Do you think Shylock was treated fairly by the Christians?Was his behaviour justified?

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Do you think Shylock was treated fairly by the Christians?

Was his behaviour justified?

By Jack Chandler

Two thousand years ago Jews were known as Hebrews or Israelites and lived in Israel. At the time their land was occupied by Romans who tried to crush the Jewish faith and culture. Due to this, Jewish people fled Israel to make new lives and Jewish communities in other countries. In these communities Jews were known for their intelligence and business sense which led to them being mistrusted and resented. This was especially the case in Christian terms; where anti-Semitic feelings were very strong. This is shown in a Merchant of Venice by Shylock who constantly suffers verbal abuse and gives a vivid account of Antonio's racist bullying. Shylock is also shown in the play to be a villain and could be seen as a miserly money lender who delights in the prospect of cutting a pound of flesh from the noble merchant who has exposed his corrupt ways and also as a father who cares more for his money than his daughter. In this essay I am going to show how Shylock was treated by the Christians and whether his reactions were justified.

In Act 1, Scene 3 Shakespeare clearly shows the audience how Bassanio and Antonio are abusive towards Shylock. Antonio is abusive to Shylock in front of others and refers to him as 'an evil soul' and 'the devil' when asking for the loan. Shylock reacts to this by keeping Antonio and Bassanio waiting for an answer and seems to ignore their insults. 'Three thousand ducats is a good round sum'. Shylock also says how he and other Jews have been mistreated in the past. 'For sufferance is the badge of our tribe. You call me misbeliever, cut throat dog, and spit upon my Jewish gaberdine'. Shylock is sarcastic about lending money to Antonio as he has been abused by him and is now needed to help Antonio. 'Hath a dog money? If it is possible a cur can lend three thousand ducats'. Bassanio doesn't trust Shylock and shows this by saying 'I like not fair terms and a villain's mind. In this scene Christians are seen to be very judgemental of Jews and anti-semitic by treating Shylock badly by abusing him which is perhaps used to get sympathy for Shylock from the audience. Shylock is always polite to Antonio and Bassanio in this scene but is quite sarcastic throughout the scene which is a bit disrespectful.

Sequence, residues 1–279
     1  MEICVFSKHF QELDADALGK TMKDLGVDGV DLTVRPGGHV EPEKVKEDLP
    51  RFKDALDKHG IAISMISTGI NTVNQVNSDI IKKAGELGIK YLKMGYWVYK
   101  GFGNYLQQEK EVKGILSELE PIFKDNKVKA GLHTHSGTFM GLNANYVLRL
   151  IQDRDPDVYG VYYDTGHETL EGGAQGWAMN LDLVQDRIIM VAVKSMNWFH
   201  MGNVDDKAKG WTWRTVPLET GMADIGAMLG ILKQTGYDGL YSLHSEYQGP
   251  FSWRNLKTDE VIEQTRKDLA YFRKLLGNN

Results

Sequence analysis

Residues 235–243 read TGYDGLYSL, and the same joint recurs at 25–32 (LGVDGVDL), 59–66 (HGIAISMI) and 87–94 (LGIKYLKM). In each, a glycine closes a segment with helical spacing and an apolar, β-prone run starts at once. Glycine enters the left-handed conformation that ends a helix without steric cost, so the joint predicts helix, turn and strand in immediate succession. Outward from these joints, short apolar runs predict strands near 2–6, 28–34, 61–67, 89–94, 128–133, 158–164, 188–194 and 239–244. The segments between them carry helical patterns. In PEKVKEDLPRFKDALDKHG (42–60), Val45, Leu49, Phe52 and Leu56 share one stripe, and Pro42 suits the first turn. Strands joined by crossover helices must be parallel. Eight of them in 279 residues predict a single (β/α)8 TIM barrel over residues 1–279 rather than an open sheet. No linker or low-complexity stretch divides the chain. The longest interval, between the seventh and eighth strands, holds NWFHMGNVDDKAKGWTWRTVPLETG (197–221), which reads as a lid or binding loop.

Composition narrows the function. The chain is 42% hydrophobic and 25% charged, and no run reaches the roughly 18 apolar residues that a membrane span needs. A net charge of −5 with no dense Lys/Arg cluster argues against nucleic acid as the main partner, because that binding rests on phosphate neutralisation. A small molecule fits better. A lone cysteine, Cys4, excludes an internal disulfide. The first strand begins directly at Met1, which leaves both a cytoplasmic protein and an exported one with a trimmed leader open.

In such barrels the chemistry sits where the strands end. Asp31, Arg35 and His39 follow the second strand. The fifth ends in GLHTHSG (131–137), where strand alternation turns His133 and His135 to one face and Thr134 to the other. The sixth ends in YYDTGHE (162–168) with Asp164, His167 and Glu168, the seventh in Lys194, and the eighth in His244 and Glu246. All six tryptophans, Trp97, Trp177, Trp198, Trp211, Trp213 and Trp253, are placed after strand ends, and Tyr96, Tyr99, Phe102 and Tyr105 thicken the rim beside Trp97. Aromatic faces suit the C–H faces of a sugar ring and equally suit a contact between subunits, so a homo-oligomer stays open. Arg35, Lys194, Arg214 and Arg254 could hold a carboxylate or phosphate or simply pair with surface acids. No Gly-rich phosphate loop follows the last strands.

In Act 2, Scene 2-3 the audience see a totally different picture of Shylock from what they have seen so far in the play and the audience sees how he is very nasty. In scene 2 the evidence is shown how Lancelot is mistreated by Shylock and even starved. 'I am famished in his service; you may tell every finger I have with my ribs. Lancelot says how he wants to run away as he is so badly treated. 'Use your legs; take the start, run away'. As Lancelot knows how mean Shylock is, he has absolutely no respect for him and never refers to Shylock by his name and calls him 'The Jew'. 'My master' and 'the very devil incarnation'. Lancelot's account of Shylock shows how evil he is as he badly mistreats Lancelot. In Scene 3 Jessica shows her views of her father Shylock. Like Lancelot, Jessica has no respect for Shylock and is willing to disrespect him by becoming a Christian. 'I shall end this strife; become a Christian and thy loving wife'. She dislikes him as Shylock treats her strictly and restricts her and she shows this by saying. 'I would not see my father walk in with thee'. Jessica doesn't want to be anything like her cruel and heartless father and tries to act as differently to Shylock as possible. 'But though I am a daughter to his blood I am not to his
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manners'. Although she has such disregard for him, she is still a dutiful daughter and she feels guilt at being ashamed that Shylock is her father, as she says, 'A lack, what heinous sin is it in me to be ashamed to be my father's child'. Act 2 shows Shylock's true colours and the nasty man he really is.

In Act 2, Scene 3 the audience is shown how Shylock is treated abusively by some local boys, when Solario and Salerio give an account of what happened in the streets. They say how it starts ...

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